Air cargo industry - leading indicator of recovery? Jan/Feb 2010
Its hardly surprising that air cargo is one of the aviation sectors to suffer the most from the global recession, but the actual downturn has almost been cataclysmic — demand fell by an average 15% in RTKs in the year to September 2009, and revenues last year are estimated to have plummeted by 30%, with yields down by 20% (albeit partly affected by reductions in fuel surcharges). When and how can the air cargo industry recover from this severe setback?
International freight demand is very closely related to economic activity, and so it is natural to find that when the world economy stops, trade stops and so the economics of running a cargo operation disappear. The fall in demand is clear to see in all the available data — Drewry’s container freight rates index fell by 45% in the first six months of last year while the Baltic Dry index fell by 90% (from its peak of more than 11,000 in 2008). Both of these indices recovered in the second half of 2009, but they remain a long way below their peaks.
Air versus sea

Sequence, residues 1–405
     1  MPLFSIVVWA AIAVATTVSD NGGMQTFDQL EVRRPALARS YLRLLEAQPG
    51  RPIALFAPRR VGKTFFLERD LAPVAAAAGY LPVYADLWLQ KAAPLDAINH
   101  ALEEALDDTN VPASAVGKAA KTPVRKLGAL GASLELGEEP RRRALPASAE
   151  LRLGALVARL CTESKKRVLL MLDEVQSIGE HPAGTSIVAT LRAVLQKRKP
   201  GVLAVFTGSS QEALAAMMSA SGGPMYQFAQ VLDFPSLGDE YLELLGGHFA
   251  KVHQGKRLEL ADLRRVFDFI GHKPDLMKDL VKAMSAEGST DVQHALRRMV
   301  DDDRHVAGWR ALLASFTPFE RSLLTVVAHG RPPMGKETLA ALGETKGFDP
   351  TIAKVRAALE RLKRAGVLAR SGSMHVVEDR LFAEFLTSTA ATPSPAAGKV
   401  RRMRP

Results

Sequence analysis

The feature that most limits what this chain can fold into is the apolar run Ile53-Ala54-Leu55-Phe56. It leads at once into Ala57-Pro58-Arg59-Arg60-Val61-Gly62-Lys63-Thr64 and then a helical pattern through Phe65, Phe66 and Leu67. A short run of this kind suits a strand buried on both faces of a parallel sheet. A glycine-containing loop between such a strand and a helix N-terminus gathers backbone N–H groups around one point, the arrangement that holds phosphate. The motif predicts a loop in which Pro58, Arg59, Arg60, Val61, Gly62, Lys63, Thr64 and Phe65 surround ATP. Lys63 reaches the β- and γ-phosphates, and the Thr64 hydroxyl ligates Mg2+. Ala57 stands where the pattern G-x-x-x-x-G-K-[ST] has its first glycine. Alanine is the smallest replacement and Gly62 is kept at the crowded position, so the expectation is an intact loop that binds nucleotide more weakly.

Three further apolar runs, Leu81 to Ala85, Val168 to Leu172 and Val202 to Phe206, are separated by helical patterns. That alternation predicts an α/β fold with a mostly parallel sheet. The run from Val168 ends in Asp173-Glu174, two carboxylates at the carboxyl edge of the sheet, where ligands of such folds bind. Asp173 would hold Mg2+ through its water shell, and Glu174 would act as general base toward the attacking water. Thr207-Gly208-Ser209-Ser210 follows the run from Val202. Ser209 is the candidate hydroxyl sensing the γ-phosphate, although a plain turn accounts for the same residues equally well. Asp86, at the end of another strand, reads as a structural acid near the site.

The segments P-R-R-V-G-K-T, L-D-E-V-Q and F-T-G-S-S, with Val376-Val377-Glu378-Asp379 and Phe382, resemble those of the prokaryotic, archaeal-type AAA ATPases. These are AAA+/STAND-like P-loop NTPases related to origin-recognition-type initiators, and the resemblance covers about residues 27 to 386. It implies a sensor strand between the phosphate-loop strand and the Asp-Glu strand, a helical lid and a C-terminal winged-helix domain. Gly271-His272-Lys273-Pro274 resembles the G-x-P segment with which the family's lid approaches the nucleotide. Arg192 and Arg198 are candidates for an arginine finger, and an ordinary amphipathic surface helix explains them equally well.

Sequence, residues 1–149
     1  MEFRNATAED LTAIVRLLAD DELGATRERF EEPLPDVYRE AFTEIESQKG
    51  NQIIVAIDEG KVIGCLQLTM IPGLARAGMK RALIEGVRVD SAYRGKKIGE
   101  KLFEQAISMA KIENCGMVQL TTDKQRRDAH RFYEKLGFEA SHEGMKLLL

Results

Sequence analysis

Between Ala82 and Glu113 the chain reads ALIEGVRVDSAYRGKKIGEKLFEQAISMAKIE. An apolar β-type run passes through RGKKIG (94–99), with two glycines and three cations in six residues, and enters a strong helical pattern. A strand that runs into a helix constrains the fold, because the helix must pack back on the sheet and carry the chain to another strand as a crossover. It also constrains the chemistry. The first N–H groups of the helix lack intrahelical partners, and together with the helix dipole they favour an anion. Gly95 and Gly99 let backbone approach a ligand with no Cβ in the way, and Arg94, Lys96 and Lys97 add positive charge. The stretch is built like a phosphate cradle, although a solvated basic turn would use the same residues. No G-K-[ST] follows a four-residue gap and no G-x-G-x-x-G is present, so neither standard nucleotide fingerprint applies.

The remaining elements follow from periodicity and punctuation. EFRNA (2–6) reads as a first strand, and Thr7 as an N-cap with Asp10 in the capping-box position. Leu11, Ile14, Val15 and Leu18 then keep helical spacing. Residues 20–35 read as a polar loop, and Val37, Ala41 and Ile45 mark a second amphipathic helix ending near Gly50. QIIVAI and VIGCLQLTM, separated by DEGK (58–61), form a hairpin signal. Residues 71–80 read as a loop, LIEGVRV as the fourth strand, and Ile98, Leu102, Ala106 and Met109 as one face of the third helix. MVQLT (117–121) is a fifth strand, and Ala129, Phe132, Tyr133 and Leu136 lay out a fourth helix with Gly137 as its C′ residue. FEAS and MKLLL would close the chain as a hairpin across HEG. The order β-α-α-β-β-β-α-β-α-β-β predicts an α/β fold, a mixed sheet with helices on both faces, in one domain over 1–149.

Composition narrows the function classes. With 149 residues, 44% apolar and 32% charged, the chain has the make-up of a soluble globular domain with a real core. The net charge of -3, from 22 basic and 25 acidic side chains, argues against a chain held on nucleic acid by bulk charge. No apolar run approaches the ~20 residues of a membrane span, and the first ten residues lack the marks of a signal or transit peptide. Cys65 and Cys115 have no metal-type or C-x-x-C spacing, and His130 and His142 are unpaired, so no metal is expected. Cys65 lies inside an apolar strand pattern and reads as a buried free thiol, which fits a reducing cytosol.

The top 10 carriers account for more than 30% of the air cargo market and they are dominated by European and Asian companies. It may come as a surprise, but following the takeover of the remaining minority in Martinair last year the AF/KLM group is now the largest player, with an estimated 5% share of the market (see chart, below). Cathay/Air China comes a clear second while the only US players to appear in the list are the freight–only operators Fedex and UPS. At the same time the list neglects any mention of the ACMI operators, which provide a significant level of service under others flight numbers. Intriguingly, excluding the US express operators (and BA for a different reason) they each have a fleet of 15–20 full freight aircraft augmented in many cases by combi aircraft (especially at AF/KLM, due to KLM’s fondness for the variant). It is notable that for the top six players belly holds in passenger aircraft (and combis) provide the majority of capacity. All these cargo operators have been suffering badly in this recession — with revenues initially down by more than 40% and profits severely reversed even though freighter aircraft operations tend to be relatively flexible. Overall, the air cargo business is a relatively small but important part of the air transport industry. Although it shows many of the same characteristics as the far larger passenger business, there are some essential differences. There are two ways to transport goods over long distances and between continents — sea and air, but the air cargo industry accounts for a tiny portion of the total volume of this trade. Of the estimated 7.4bn tonnes of goods transported by air and sea in 2007, air transport accounted for a mere 42m tonnes, or 0.5%. Of course air transport provides a significant enough advantage for time sensitive and high value goods sufficient to offset premium pricing (it has been estimated that commodity goods need to be worth more than $16/kg to make it worthwhile to send by air although it should be emphasised that air freight is more characterised by volume than by weight necessarily). At the peak in 2008, air cargo generated $61bn in revenues (11% of total airline industry revenues), which was estimated to be some 14% of the total air and sea freight market. These revenues have grown by an average annual 7.3% over the previous six years, (incidentally compared with a growth in air passenger revenues of more than 9% a year), somewhat higher than the 5% annual growth in sea cargo over the same period.